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ERIC Number: ED557868
Record Type: Non-Journal
Publication Date: 2013
Pages: 214
Abstractor: As Provided
ISBN: 978-1-3037-9984-6
An Exploration of Principal Instructional Technology Leadership
Townsend, LaTricia Walker
ProQuest LLC, Ed.D. Dissertation, North Carolina State University
Nationwide the demand for schools to incorporate technology into their educational programs is great. In response, North Carolina developed the IMPACT model in 2003 to provide a comprehensive model for technology integration in the state. The model is aligned to national educational technology standards for teachers, students, and principals. Charged with increasing the level of technology integration, principals must possess a specific skillset to be effective in the role of instructional technology leader. The goal of this study was to examine how IMPACT principals of North Carolina K-12 schools take on the mantle of instructional technology leader. Utilizing a mixed methods approach, principal instructional technology leadership preparation and practices were examined by school level (i.e., elementary, middle, and high) to ascertain their level of alignment with National Educational Technology Standards for Administrators (NETS-A) and actual teacher needs. Quantitative methods were utilized to analyze the School Technology Needs Assessment (STNA) results from teachers (n = 1185) in an effort to determine the overall instructional technology health of the IMPACT schools (n = 31) in the first phase of the study. During Phase II of the study, both qualitative and quantitative methods were used. Using a semi-structured protocol, principals (n = 7) were interviewed about their instructional technology preparation mechanism and their leadership behaviors. Teachers (n = 116) were surveyed to determine the level to which they believed their principal's instructional technology behaviors aligned to NETS-A standards. Teachers were also asked to provide information about how their principals could best support them in their quest to integrate technology into their instruction. Although the principals in the study exhibited instructional technology leadership practices that were aligned to NETS-A standards, the analysis of their instructional technology leadership preparation mechanisms revealed evidence of the need to ensure principals are adequately prepared to meet instructional technology needs at the pre-service level. Principals in the study attributed high level of preparedness to serve as instructional technology leaders to the extensive professional development provided through IMPACT and the use of informal networks with their counterparts, not through coursework completed during principal credential courses. Moreover, the limited coverage of instructional technology in principal preparation programs as described by participants underscores the need for improvement to pre-service programs as well as comprehensive, thoughtful professional development for existing principals. Principals described instructional technology leadership behaviors that aligned well to NETS-A standards. Teacher survey results validated the results provided by principals. When compared across school levels, significant differences were noted between the elementary and secondary (middle and high) teachers. Elementary teachers rated their principals lower across each of the five NETS-A standards. Teachers shared the specific actions needed from their principals to make them successful when integrating technology in their classrooms. Teachers desired principals to: 1) provide relevant, job-embedded professional development, 2) be supportive as teachers acquire new skills, 3) pursue additional funding opportunities to ensure the acquisition of new technology devices and maintenance of a robust technology infrastructure, 4) adjust policies and procedures surrounding digital citizenry to ensure technology is used in a safe, legal, and ethical manner, and 5) consider the context of the school including its locale and student population. Future directions for research are suggested, including the completion of a comprehensive review of U.S. principal preparation programs and their ability to prepare principals for the rigor of the role of instructional technology leader and how that role varies by school level. Because technology will continue to be a focal point for schools, institutions of higher education must innovate their principal preparation programs so that principals have the opportunity to learn the how to be best attend to their schools' instructional technology needs. [The dissertation citations contained here are published with the permission of ProQuest LLC. Further reproduction is prohibited without permission. Copies of dissertations may be obtained by Telephone (800) 1-800-521-0600. Web page:]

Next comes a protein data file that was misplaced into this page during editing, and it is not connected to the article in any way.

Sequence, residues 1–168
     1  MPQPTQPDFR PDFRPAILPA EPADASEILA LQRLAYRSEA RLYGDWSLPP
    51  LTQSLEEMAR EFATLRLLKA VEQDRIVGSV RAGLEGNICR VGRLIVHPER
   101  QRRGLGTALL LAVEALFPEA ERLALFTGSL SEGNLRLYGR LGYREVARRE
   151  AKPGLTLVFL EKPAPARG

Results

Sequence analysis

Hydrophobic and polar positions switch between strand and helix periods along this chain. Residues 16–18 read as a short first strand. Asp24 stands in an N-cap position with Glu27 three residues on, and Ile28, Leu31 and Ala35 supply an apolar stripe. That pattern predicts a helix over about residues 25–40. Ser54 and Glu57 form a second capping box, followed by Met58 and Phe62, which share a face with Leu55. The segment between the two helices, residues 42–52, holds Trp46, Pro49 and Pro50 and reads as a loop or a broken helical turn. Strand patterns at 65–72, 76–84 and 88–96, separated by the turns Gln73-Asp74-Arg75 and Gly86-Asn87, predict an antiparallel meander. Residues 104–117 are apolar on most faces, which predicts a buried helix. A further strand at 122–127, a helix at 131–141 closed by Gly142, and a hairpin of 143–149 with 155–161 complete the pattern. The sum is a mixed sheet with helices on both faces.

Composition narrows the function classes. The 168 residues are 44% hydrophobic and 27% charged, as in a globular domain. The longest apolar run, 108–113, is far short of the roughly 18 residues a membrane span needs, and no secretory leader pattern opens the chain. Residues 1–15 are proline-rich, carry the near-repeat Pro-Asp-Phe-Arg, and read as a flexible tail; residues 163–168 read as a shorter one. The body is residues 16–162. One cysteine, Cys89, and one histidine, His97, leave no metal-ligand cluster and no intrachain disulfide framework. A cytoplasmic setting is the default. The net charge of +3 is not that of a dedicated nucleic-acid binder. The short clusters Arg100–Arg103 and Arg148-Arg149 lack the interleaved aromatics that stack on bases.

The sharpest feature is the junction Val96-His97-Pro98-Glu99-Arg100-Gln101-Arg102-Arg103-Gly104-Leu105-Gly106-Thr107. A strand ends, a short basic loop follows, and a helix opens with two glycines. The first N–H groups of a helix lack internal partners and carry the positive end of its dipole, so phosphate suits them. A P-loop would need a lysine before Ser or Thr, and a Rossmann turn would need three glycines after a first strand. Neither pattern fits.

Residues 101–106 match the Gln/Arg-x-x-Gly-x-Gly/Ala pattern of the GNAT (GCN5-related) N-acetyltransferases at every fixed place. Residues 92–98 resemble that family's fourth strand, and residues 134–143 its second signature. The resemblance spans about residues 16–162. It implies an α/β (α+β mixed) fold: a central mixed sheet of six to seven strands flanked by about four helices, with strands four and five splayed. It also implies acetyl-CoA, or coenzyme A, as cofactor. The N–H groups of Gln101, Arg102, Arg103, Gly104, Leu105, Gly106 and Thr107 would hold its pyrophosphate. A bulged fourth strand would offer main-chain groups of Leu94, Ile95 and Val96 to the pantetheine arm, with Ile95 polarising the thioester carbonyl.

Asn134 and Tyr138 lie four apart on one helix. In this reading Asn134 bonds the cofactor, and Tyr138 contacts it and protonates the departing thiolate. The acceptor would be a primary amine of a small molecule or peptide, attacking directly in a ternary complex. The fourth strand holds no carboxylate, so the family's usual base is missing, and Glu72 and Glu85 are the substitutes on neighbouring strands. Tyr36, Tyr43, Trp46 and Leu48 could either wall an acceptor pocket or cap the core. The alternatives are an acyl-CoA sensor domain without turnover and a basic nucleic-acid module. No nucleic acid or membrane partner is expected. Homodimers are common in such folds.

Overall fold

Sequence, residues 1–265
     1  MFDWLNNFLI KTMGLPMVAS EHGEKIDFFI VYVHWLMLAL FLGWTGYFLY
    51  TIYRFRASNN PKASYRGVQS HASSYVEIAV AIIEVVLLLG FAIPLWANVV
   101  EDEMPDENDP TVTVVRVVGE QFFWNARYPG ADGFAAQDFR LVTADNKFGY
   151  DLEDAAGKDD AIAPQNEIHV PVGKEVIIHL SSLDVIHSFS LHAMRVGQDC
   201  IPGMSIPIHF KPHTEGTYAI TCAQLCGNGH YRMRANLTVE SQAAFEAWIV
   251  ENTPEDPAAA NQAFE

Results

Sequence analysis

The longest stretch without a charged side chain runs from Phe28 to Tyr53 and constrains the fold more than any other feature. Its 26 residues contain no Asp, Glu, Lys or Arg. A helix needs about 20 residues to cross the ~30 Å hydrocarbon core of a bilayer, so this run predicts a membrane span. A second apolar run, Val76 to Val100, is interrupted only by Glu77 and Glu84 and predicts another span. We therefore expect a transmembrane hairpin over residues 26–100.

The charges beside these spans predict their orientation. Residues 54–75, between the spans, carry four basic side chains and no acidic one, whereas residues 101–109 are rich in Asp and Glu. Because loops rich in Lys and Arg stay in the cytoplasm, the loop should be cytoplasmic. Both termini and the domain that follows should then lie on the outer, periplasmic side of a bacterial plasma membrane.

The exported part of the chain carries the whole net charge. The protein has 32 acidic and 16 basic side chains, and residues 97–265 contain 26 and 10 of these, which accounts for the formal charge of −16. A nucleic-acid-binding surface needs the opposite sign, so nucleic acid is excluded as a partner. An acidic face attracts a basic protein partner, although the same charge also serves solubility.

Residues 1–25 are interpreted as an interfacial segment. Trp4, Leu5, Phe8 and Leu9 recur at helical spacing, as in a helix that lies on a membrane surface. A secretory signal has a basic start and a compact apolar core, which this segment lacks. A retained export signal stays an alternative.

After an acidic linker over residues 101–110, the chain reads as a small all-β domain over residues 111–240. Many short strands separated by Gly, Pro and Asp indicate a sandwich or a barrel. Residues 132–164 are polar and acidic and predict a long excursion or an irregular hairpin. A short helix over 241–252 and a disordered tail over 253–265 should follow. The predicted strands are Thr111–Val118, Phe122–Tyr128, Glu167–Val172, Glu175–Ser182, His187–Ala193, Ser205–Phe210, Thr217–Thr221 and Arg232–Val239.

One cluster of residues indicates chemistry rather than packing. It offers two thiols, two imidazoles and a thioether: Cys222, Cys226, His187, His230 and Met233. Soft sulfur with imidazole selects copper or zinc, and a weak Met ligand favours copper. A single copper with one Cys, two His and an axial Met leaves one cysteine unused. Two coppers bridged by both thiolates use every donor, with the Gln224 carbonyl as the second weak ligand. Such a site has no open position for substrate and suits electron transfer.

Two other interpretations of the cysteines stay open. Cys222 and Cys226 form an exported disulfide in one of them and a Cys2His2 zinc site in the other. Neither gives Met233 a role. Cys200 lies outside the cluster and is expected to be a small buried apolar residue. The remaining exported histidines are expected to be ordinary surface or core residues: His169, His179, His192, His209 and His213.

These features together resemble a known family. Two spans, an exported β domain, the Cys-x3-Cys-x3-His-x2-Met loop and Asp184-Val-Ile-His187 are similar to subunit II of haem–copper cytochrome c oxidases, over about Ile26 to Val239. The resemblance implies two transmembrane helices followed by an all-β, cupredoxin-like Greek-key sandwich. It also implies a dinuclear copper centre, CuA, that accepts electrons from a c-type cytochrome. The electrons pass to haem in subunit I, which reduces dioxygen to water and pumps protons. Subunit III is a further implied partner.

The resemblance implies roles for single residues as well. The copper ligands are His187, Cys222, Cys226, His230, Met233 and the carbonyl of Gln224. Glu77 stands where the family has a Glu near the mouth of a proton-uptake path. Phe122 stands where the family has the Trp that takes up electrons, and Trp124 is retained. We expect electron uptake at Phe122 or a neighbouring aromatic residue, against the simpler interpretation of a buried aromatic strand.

ProQuest LLC. 789 East Eisenhower Parkway, P.O. Box 1346, Ann Arbor, MI 48106. Tel: 800-521-0600; Web site:
Publication Type: Dissertations/Theses - Doctoral Dissertations
Education Level: Elementary Secondary Education; Elementary Education; Middle Schools; Secondary Education; Junior High Schools; High Schools
Audience: N/A
Language: English
Sponsor: N/A
Authoring Institution: N/A
Identifiers - Location: North Carolina